Older Australians - living longer and contributing more

Life expectancy among older Australians has continued to increase. Australian men and women at 65 years of age can expect, on average, to live for another 16 and 20 years respectively-an increase of 3.5 years for men and 4 years for women over the last 30 years. These facts and more can be found in a joint Australian Institute of Health and Welfare (AIHW) and Commonwealth Department of Health and Aged Care publication Older Australians at a Glance released today as part of the International Year of Older Persons. The report also shows that many older Australians are making a valuable contribution to the Australian Community. Of all voluntary work done, 33% were contributions from people aged 55 and over. On retirement, 61% of women and 44% of men indicated that they planned to do voluntary work.

Head of the AIHW's Aged Care Unit, Dr Diane Gibson, said that most older Australians enjoy active lifestyles and reasonably good health status.

'The majority of older Australians rate their health as either good, very good or excellent,' Dr Gibson said. 'Contrary to general public perceptions only 6% of older Australians live in residential aged care facilities, with the vast majority living at home.'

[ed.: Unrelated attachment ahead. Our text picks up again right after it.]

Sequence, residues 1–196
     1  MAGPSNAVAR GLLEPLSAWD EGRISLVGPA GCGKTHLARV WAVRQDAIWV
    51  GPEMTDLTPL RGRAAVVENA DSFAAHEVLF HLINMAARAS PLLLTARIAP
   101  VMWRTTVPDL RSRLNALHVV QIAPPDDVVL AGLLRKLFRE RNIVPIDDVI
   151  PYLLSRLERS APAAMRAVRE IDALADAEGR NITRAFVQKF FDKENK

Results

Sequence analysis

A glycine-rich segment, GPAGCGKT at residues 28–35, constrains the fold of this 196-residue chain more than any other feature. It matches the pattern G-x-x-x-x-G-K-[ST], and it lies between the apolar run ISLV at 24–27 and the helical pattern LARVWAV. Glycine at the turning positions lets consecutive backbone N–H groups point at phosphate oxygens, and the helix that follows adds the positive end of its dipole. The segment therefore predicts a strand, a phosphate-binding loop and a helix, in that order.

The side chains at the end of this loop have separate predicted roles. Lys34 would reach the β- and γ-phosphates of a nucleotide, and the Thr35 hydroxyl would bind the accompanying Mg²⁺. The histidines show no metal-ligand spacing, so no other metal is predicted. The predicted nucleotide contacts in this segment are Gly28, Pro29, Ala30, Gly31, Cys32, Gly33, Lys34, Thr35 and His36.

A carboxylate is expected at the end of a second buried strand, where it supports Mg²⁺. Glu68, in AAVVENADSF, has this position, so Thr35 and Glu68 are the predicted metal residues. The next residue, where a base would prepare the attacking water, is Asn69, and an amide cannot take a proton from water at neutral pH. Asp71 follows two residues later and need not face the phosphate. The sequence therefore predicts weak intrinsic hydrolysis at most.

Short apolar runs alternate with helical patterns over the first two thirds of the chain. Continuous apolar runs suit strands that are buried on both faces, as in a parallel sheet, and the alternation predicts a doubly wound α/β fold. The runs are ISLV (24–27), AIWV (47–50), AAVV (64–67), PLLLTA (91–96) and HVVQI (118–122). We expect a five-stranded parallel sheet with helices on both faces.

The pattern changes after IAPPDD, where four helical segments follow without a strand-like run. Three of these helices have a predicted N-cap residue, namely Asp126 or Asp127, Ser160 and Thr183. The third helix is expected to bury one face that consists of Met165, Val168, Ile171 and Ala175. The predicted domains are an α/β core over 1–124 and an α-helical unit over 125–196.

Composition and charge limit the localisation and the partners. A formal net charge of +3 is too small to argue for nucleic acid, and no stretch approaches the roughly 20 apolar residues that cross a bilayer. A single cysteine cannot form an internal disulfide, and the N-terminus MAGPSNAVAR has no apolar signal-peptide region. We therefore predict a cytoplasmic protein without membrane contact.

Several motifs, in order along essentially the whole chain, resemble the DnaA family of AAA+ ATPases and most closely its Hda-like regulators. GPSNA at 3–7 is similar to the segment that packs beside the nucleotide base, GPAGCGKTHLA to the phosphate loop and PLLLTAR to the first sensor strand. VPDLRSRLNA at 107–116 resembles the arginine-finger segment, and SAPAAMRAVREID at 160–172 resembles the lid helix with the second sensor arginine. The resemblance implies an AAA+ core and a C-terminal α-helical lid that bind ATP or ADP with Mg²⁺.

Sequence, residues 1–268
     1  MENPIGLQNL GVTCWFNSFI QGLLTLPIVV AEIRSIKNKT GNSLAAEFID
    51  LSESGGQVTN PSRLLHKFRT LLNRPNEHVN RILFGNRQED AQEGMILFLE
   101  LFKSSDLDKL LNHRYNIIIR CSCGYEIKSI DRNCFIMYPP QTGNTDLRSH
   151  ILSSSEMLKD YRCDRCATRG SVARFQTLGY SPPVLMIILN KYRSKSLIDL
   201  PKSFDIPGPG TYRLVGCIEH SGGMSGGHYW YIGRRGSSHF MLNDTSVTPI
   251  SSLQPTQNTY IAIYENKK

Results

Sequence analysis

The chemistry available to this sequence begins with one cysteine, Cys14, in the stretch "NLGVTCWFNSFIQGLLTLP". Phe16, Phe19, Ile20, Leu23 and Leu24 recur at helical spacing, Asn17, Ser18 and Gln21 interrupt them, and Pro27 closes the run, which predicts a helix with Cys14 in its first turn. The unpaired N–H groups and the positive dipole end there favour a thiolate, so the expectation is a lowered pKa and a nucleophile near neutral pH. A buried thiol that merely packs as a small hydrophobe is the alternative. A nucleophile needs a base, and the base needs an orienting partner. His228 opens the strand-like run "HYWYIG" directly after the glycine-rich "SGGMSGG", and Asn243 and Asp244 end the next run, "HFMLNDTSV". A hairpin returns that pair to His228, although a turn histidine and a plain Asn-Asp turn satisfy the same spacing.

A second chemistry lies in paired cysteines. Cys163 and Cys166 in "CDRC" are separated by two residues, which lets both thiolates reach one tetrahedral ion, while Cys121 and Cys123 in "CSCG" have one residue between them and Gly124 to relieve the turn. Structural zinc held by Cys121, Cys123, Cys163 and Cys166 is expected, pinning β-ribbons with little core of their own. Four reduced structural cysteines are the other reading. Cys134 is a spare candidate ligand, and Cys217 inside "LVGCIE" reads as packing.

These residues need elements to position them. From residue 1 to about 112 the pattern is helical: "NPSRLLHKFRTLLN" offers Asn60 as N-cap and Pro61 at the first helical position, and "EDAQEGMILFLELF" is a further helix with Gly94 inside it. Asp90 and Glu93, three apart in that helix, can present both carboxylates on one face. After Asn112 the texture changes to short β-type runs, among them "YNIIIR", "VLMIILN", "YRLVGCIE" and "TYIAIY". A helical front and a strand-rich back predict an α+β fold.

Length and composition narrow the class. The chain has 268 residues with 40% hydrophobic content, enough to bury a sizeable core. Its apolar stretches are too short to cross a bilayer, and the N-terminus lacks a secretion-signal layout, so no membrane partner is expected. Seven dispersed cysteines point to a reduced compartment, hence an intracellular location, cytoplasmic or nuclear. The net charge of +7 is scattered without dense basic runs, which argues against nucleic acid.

Older Australians at a Glance includes information on: population ageing, health and wellbeing of older Australians, their contribution in providing care to the community, and their use of health and aged care services. It also takes into account retirement, income and housing, and many other aspects of life among older Australians, and examines government responses to their needs.

24 December 1999


Further information: Dr Diane Gibson, ph. 02 6244 1190, or Dr Ching Choi, ph. 02 6244 1197.
For media copies of the report: Publications Officer, ph. 02 6244 1032.
Availability: Check the AIHW for details.